ST. PAUL —
"Going on passes with this family member was really an important part of the treatment approach and things were going very well," said Kerber, the DHS inspector general.
Kerber said it's unclear what went wrong. The investigation is marked "inconclusive."
Licensing investigators did not interview Ewing because of the pending criminal charges. They also did not interview his mother, who suffered severe injuries and is still recovering.
Kerber said investigators found an unrelated licensing violation while reviewing the Ewing case. They found the Minnesota Security Hospital was relying on inconsistent policies about patient security levels and grounds privileges. The facility received a correction order that requires it submit a revised set of policies and procedures within 30 days.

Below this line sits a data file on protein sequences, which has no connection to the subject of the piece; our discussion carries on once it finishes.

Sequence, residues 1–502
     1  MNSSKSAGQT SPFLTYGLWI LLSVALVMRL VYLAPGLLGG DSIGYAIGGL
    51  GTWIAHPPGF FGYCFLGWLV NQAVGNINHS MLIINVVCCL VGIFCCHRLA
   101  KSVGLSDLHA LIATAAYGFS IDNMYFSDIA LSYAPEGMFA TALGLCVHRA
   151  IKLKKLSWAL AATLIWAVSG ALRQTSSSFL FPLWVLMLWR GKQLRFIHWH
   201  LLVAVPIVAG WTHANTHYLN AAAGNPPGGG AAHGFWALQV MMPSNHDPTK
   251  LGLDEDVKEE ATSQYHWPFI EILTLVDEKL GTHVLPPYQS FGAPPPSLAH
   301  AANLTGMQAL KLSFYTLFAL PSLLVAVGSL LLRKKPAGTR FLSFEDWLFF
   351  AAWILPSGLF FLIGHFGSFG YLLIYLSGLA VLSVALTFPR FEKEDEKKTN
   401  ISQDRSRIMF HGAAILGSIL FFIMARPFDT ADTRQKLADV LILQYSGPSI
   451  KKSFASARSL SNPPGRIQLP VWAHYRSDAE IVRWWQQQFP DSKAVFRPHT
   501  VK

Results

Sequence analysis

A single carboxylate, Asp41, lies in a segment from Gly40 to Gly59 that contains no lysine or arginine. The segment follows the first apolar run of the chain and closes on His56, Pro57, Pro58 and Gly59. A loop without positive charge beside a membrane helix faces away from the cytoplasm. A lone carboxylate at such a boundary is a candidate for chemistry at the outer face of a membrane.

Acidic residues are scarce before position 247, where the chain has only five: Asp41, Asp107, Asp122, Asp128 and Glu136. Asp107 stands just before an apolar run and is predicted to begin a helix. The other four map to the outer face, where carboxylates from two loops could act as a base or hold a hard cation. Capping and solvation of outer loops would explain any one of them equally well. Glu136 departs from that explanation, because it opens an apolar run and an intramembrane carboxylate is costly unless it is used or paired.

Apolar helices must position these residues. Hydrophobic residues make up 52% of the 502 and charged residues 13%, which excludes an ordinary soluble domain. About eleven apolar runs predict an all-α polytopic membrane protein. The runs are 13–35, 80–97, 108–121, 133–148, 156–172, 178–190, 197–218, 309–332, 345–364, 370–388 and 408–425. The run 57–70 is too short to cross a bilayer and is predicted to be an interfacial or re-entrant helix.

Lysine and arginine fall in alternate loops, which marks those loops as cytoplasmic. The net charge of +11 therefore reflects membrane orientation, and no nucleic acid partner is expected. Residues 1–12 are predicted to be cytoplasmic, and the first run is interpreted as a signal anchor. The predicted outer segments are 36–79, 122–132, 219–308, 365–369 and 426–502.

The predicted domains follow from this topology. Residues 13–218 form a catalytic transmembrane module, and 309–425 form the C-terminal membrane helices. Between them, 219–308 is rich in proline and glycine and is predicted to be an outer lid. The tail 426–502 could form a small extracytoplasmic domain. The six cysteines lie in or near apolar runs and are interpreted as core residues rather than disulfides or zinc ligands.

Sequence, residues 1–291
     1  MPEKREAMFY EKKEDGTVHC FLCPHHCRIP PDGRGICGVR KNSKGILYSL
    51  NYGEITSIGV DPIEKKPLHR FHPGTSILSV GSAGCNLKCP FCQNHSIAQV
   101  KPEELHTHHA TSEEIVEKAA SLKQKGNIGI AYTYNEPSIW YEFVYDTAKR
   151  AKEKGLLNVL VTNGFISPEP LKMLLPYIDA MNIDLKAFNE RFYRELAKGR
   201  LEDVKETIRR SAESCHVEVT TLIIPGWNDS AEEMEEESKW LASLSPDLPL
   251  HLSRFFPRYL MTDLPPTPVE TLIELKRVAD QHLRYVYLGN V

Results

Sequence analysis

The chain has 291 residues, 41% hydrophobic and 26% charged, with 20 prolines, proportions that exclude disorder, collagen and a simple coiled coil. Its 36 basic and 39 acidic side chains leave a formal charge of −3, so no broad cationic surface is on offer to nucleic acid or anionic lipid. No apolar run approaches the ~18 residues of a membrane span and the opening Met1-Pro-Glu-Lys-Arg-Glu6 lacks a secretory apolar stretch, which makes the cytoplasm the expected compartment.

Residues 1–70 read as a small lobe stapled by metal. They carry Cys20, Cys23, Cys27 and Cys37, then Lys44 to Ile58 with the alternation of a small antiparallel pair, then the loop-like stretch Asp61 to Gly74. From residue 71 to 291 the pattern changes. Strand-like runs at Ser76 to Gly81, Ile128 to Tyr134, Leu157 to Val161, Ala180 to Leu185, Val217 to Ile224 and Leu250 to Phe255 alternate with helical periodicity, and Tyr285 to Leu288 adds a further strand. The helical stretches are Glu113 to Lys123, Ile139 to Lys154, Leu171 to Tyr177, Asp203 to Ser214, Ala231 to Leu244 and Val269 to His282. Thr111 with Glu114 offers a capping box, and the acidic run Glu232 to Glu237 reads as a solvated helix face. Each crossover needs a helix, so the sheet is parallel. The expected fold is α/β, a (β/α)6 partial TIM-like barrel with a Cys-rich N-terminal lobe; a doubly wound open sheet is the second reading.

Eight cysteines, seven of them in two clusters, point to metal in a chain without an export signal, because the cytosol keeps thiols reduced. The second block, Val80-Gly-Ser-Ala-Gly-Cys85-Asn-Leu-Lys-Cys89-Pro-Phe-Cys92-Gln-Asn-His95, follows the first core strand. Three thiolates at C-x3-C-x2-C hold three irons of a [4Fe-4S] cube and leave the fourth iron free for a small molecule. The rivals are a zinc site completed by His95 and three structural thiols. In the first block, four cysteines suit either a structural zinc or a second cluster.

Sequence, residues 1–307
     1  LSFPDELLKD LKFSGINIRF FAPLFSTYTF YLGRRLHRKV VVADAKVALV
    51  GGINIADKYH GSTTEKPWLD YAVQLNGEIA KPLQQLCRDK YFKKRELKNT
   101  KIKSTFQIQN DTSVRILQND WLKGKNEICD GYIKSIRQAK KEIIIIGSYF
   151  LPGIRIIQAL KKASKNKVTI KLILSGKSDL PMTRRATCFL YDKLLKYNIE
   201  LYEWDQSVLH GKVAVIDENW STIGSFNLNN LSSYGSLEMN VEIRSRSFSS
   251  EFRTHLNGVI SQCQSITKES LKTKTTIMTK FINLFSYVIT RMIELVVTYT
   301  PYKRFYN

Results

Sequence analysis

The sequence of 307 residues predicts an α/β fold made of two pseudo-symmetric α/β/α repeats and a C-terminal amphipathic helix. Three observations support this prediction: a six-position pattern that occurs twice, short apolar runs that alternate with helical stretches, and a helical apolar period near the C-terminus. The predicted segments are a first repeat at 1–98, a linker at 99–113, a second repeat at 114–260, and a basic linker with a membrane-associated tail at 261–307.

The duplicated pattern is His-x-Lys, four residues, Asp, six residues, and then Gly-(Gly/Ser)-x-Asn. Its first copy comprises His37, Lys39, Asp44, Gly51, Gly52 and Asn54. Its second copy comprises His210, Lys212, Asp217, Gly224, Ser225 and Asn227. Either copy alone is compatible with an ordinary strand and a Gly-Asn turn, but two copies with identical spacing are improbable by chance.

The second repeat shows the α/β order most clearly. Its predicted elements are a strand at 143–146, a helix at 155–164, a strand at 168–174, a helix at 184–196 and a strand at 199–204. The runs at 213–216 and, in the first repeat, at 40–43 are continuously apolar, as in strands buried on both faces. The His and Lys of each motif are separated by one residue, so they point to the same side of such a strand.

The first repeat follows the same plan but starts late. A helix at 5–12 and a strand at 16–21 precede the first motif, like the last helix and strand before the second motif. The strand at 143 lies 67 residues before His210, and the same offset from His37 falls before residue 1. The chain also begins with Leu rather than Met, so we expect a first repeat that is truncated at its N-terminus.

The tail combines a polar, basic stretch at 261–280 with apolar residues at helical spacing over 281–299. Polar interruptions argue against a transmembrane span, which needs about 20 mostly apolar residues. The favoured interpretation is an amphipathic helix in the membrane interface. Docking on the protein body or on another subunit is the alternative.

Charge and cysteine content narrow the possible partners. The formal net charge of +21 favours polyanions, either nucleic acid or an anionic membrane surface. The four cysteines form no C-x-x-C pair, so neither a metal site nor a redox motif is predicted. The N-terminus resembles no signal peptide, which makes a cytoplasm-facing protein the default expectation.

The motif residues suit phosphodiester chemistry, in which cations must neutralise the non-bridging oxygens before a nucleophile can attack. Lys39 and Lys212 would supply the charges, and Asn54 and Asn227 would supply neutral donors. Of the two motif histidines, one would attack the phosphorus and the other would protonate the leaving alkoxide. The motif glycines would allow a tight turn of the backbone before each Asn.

Anne Barry, the deputy commissioner for the Department of Human Services who oversees the Minnesota Security Hospital released a brief statement about the findings.
"These were tragic incidents," the statement said. "Staff at the Minnesota Security Hospital will be reviewing all the policies and procedures to address the issues identified by licensing in the correction order. We will submit revised policies and procedures to licensing as required by the order."